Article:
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              Carbon dioxide (CO2) digital subtraction angiography: 26-year experience at the University of Florida.

               I Hawkins,  J Caridi (1997)
              Although the vascular system is presently being imaged by multiple high technology modalities, contrast angiography continues to be the gold standard; however, severe complications rarely occur. During the last 25 years (in over 1400 patients), CO2 has proven to be extremely safe (no allergy or renal failure). However, it is imperative to understand CO2's physical properties and potential dangers. Recently, CO2 is being routinely utilized not only because of safety, but for detection of minute amounts of bleeding, better collateral filling, and for most interventional procedures since unlimited volumes of CO2 can be injected between the catheter and guidewire. Presently, safe, reliable and "user-friendly" delivery systems are now commercially available. CO2 DSA images are now nearly comparable to iodinated contrast, and improvement in DSA images are evolving, including "stacking" software.

                Author and article information

                Medicine (Baltimore)
                Medicine (Baltimore)
                Lippincott Williams & Wilkins (Hagerstown, MD )
                04 September 2020
                04 September 2020
                : 99
                : 36
                [a ]Department of Radiological Science, Nagasaki University Graduate School of Biomedical Sciences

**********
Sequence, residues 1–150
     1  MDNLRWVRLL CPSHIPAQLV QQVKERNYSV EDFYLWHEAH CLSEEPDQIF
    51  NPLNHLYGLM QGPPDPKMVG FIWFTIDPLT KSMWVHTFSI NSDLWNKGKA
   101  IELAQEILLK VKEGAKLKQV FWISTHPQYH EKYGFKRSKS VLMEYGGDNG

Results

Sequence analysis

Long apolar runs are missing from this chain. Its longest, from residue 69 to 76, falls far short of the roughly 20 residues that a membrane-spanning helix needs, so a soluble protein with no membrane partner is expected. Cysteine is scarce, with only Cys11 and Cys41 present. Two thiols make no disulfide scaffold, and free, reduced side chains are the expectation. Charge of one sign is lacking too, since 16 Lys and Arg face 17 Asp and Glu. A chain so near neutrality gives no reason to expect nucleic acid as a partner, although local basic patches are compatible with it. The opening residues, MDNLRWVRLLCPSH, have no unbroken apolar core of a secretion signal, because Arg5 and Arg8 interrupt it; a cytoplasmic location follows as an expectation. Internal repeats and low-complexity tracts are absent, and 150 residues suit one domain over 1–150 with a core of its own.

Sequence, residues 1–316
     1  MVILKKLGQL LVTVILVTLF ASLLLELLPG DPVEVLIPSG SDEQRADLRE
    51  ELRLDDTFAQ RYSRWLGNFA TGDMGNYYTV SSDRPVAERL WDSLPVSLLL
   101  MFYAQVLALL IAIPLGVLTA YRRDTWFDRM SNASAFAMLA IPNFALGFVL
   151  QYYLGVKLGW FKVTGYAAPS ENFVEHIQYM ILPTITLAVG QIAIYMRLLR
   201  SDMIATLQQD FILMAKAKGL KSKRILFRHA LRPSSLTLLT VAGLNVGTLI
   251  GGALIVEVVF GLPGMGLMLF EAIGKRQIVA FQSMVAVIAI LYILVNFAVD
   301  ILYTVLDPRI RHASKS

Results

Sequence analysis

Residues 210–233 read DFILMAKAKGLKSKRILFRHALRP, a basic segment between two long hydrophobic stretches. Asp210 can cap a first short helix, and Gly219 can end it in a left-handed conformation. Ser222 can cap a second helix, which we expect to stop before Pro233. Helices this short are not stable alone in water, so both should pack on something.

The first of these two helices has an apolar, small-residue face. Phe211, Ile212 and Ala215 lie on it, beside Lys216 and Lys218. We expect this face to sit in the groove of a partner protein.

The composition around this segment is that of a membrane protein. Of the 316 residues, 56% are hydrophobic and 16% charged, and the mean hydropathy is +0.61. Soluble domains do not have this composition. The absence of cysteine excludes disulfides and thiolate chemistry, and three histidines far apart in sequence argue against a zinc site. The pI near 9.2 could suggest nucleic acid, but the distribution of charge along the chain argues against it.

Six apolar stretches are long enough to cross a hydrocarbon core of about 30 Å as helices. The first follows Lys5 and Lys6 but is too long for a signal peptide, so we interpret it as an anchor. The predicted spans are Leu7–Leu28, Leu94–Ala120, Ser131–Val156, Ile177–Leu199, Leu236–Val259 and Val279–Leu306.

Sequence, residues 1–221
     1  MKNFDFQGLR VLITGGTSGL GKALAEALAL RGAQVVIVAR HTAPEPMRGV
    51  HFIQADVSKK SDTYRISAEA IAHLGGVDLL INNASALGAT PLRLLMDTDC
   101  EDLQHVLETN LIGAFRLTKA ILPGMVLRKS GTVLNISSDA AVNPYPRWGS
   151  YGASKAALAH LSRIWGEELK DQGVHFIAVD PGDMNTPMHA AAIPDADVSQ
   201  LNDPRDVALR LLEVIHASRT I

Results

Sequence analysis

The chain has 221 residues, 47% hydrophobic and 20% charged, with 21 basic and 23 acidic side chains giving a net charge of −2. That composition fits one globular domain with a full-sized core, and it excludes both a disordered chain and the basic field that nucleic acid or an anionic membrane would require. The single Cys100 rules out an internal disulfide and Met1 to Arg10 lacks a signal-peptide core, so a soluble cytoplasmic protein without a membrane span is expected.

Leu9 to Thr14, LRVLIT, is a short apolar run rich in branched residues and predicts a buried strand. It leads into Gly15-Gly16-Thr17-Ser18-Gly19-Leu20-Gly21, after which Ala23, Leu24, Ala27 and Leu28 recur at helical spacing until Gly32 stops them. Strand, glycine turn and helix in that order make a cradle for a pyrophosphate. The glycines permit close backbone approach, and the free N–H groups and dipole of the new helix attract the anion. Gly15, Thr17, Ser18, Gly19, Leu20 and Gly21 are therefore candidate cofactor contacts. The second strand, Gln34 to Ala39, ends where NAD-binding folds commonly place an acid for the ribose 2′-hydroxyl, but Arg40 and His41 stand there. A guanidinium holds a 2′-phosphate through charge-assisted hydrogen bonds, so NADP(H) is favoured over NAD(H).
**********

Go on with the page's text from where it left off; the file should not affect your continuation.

[b ]Division of Blood Purification, Nagasaki University Hospital, Nagasaki, Japan.
                Author notes
                []Correspondence: Eijun Sueyoshi, Department of Radiological Science, Nagasaki University Graduate School of Biomedical Sciences. 1-7-1 Sakamoto, Nagasaki 852-8501, Japan (e-mail: sueyo@ ).
                MD-D-19-08223 21890
                Copyright © 2020 the Author(s). Published by Wolters Kluwer Health, Inc.

                This is an open access article distributed under the terms of the Creative Commons Attribution-Non Commercial License 4.0 (CCBY-NC), where it is permissible to download, share, remix, transform, and buildup the work provided it is properly cited. The work cannot be used commercially without permission from the journal.

                Research Article
                Observational Study
                Custom metadata

                co2, dialysis, dsa, interventional radiology, pta